If you have not read Part 1, click here.
Step 3: Sketch Your Floor Plan
I am going to make the suggestion that you invest in floor plan software at this point. You can use graph paper and do it by hand if you like, but you can get a decent program off Amazon for under $50, and it will be far more effective (and you won’t wear out the eraser on your pencil).
First, you will need to lay out the square footage and shape of the room. From there, start to work in doorways and windows. Once you have the perimeter figured out, you can start to drop in the different elements you want to incorporate into the kitchen. Remember to incorporate every aspect, from appliances to counters to cabinets. This will give you a far better idea of how much space you will need and exactly what you can fit into the planned kitchen size for your construction.
Step 4: Get Creative Ideas
This is where things really start to get fun. First, decide if you want the kitchen to complement the rest of the home if you want to use it as a contrasting room. Once you have the actual narrative in mind, it is time to start to do some research. When I designed my kitchen, magazines and the internet were great, but the best ideas I got were from looking for homes for sale in the area and going to open houses. Nothing beats seeing it in person to get a feel if you really like it not. I bet I visited five or six dozen homes before I settled in a final design for my kitchen.
Step 5: Choose Your Materials for Cabinets
Now that you have a basic idea of what you want, you need to start thinking about the materials for some of the elements of the kitchen. I would avoid particleboard and wood veneer. They may be affordable, but they are not going to last long and will end up costing you more over the long haul. Fiberboard, hardwood, and plywood are going to be three of the more popular materials used for cabinets today.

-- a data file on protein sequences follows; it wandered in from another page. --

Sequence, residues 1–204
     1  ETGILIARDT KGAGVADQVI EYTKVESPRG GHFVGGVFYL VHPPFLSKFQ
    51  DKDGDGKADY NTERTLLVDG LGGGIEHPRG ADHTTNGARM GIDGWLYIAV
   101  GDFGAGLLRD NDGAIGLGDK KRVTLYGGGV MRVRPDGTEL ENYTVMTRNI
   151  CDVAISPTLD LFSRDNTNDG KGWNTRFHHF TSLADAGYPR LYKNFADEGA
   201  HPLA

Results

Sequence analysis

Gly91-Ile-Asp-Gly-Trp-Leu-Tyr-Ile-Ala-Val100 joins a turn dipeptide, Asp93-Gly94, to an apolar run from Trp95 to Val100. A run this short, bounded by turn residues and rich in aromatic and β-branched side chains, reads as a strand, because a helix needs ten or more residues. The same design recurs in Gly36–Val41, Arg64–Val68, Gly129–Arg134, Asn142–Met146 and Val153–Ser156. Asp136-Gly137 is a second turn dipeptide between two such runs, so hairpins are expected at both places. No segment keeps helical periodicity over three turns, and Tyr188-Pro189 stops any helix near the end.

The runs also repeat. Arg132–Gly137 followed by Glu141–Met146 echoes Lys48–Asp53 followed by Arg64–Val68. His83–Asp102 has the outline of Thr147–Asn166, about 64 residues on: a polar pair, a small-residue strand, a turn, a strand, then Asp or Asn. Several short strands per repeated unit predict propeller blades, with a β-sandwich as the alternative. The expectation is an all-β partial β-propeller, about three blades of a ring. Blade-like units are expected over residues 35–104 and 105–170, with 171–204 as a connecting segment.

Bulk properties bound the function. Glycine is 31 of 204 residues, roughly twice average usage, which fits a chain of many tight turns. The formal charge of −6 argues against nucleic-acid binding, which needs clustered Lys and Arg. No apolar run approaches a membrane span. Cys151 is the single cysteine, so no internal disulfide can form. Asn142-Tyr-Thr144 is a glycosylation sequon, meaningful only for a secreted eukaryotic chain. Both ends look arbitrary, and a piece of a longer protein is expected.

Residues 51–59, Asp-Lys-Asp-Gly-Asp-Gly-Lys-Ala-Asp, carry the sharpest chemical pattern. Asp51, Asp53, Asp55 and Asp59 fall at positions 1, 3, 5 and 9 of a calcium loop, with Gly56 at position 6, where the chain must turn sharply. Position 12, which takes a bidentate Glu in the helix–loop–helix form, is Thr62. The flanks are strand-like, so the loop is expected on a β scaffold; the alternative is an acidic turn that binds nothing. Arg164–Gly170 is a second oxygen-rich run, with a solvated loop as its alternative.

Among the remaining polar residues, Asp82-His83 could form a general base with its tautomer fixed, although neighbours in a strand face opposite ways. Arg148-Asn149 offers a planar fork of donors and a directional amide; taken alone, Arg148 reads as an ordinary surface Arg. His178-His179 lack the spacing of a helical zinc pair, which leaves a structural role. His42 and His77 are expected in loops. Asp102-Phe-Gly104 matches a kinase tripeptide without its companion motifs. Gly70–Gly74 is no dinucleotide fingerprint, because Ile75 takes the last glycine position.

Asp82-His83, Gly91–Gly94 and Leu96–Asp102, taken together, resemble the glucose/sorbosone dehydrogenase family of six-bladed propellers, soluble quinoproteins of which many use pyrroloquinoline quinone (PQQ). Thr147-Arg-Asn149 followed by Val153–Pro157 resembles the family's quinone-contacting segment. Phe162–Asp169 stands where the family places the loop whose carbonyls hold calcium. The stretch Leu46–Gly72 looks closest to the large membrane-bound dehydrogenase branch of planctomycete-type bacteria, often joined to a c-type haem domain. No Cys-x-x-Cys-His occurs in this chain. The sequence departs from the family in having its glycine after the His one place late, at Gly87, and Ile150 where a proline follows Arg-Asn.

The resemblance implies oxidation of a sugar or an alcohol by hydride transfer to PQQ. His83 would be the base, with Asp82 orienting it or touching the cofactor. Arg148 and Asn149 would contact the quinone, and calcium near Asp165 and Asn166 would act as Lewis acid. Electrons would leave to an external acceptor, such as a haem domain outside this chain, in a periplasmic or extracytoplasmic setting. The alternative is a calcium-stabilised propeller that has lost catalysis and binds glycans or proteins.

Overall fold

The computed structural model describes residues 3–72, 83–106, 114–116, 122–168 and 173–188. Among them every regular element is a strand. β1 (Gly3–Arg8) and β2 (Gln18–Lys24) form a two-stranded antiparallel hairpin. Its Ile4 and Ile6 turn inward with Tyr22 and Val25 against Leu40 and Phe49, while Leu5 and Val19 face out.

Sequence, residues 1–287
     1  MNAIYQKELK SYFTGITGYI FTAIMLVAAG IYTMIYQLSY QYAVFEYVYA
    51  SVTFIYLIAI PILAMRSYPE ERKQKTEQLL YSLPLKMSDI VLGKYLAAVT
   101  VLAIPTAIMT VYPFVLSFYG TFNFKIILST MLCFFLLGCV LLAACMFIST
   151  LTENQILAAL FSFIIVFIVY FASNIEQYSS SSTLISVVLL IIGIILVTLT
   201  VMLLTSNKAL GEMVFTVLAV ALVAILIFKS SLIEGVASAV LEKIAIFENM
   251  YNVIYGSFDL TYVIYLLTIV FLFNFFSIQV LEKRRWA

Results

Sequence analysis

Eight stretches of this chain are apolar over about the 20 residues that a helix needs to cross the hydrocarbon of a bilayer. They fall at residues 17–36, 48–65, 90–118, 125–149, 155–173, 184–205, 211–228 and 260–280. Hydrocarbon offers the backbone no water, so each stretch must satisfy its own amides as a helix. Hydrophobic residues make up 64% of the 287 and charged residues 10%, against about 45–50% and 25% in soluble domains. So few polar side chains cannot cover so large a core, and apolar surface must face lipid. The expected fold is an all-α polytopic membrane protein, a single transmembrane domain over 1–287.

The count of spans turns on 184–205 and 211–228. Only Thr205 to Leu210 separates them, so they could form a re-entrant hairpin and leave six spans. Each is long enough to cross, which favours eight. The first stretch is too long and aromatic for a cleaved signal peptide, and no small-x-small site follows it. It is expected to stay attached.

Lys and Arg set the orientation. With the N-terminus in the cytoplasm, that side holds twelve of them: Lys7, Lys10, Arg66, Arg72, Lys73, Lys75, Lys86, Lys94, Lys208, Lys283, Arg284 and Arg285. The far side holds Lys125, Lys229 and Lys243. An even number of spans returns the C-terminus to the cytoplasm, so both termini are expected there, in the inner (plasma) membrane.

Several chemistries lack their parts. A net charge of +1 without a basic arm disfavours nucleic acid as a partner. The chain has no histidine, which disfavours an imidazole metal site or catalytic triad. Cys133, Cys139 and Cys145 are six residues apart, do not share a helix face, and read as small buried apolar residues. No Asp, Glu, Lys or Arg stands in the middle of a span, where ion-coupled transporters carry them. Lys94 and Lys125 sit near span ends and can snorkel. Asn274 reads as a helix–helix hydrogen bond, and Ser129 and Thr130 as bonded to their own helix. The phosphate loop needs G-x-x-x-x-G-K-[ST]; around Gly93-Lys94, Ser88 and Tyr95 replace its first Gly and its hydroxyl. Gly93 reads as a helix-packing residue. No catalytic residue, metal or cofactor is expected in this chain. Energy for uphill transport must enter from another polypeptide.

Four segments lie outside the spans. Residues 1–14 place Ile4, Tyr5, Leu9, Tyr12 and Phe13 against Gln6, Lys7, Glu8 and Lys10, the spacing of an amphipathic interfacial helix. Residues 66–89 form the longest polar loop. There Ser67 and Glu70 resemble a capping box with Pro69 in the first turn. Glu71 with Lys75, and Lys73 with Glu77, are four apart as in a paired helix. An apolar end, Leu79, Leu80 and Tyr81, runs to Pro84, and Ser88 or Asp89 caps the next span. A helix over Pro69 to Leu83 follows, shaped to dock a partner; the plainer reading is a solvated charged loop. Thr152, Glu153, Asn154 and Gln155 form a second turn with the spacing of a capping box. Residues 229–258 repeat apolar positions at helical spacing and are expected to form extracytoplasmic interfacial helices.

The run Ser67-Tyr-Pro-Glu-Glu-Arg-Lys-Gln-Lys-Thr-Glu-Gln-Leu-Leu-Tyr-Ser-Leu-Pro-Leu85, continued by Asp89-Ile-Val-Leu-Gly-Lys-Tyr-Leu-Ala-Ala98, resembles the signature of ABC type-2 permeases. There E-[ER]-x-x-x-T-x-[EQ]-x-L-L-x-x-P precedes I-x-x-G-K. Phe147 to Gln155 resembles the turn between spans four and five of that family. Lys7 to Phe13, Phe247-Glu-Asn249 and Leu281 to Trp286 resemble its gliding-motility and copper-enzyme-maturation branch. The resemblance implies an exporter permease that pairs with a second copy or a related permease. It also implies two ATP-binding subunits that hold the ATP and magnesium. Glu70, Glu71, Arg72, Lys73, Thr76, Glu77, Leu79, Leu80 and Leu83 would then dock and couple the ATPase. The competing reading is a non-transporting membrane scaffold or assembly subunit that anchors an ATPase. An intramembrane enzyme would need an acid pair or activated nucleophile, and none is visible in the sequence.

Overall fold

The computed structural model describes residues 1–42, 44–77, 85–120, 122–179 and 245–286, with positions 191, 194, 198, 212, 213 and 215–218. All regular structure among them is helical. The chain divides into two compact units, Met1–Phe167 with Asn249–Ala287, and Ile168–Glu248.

Step 6: Choose Your Cabinet Color Scheme
Again, think if we are going to complement or contrast with your cabinet color. Your cabinets are likely the first thing people will notice when they walk in, so this is one of the more important choices you are going to make. White is popular, but it is also boring. I prefer shades of grey and darker greens for my cabinets (my current cabinets are a medium shade of grey).
Darker kitchens are very trendy, but be careful because trends fade very quickly. This is not to say that darker color cabinets will not work, because they can be offset by a lighter-colored backsplash and countertops. Just be careful in how dark you go because if you choose something too trendy, resale could be a problem down the road.
To continue to Part 3, click here.